I’m always delighted to see snakes, even venomous species, and whenever my collecting takes me west I know my chances of seeing snakes are good. My first stop during the current collecting trip was the Gloss Mountains of northwestern Oklahoma, and although I have visited this place several times since “discovering” it in June 2009, I have seen only a single snake during all of my previous visits—a charming little Western Pygmy Rattlesnake (Sistrurus miliarius streckeri). I’m a little surprised by this, as the habitat looks perfect for the one snake that truly don’t look forward to encountering—the Prairie Rattlesnake (Crotalus viridis). As I roam the surrounding mixed grass prairies (by both day and night) I am ever on the watch for these terrifyingly aggressive snakes, having learned my lesson with this species a few years ago in South Dakota’s Black Hills. I spent two days in the area during this trip, and I still have not seen one, but I did see a young (just over 2 feet in length) Western Diamondback Rattlesnake (Crotalus atrox)—my first for this species. Although he was lying in an eroded ravine in the red clay talus slopes and partially hidden by an overhanging clump of grass, the diamond pattern immediately drew my eye as something out of the ordinary, and I was able to move the grasses aside (with my net handle!) and get this shot before he even flinched. After the first flash he started getting agitated, and I was only able to get two more (not as good) shots before he’d had enough and began retreating into the thicker grass above the ravine—rattle buzzing vigorously as he left. Comparatively speaking, he was one of the most docile rattlesnakes I’ve encountered, but since this is the only Western Diamondback I’ve seen I don’t know if that is a hallmark of the species or more due to his young age.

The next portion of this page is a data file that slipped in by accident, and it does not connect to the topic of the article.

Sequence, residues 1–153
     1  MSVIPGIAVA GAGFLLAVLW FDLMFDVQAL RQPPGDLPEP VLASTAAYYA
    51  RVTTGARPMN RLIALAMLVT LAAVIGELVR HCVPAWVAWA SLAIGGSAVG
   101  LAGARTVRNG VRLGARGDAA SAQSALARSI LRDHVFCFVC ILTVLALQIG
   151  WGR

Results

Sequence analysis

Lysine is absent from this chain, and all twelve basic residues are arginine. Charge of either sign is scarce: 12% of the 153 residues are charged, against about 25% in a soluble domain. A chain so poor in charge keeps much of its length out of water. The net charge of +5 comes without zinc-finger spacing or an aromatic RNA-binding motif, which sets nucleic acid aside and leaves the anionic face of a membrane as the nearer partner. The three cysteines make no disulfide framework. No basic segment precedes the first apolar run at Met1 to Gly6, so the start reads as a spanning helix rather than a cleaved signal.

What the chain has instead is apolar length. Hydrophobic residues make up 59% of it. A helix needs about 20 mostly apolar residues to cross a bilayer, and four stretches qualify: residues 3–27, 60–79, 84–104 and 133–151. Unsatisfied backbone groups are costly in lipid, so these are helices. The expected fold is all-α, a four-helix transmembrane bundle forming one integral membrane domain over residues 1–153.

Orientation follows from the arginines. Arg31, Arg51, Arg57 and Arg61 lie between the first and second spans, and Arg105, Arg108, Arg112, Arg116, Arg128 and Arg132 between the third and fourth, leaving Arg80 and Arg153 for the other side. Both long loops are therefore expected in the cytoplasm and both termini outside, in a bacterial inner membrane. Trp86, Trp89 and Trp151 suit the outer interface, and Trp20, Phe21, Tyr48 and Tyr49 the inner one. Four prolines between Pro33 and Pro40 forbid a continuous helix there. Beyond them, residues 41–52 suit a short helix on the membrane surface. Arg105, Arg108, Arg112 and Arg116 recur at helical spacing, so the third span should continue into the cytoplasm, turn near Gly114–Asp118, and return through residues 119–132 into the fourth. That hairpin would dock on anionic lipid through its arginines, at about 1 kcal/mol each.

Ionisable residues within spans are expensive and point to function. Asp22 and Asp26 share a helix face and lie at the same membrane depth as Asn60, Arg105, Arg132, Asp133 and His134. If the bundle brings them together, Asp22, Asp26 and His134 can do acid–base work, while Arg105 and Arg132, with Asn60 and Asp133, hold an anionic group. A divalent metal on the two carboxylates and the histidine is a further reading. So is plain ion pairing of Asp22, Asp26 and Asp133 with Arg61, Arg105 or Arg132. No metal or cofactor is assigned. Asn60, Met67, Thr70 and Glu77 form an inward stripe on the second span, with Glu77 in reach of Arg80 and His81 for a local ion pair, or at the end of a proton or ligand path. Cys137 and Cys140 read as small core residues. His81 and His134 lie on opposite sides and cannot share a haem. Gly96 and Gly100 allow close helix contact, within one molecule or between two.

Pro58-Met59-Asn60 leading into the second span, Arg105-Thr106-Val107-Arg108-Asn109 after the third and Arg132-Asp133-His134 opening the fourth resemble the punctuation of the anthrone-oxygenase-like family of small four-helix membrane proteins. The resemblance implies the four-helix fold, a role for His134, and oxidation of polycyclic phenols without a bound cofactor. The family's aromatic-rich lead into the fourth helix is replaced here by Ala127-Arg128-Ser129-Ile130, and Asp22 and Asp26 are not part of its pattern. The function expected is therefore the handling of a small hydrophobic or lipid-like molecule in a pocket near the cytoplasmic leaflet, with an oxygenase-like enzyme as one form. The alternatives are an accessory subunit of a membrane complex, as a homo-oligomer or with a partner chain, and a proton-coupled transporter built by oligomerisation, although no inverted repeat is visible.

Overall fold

Copyright © Ted C. MacRae 2013